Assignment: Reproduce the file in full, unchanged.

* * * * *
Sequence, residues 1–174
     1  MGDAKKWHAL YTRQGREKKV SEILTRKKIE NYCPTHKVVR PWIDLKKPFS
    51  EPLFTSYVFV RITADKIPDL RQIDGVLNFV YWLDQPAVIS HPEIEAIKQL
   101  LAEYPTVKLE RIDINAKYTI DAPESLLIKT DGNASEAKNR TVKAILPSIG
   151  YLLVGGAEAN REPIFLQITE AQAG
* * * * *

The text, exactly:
Sequence, residues 1–174
     1  MGDAKKWHAL YTRQGREKKV SEILTRKKIE NYCPTHKVVR PWIDLKKPFS
    51  EPLFTSYVFV RITADKIPDL RQIDGVLNFV YWLDQPAVIS HPEIEAIKQL
   101  LAEYPTVKLE RIDINAKYTI DAPESLLIKT DGNASEAKNR TVKAILPSIG
   151  YLLVGGAEAN REPIFLQITE AQAG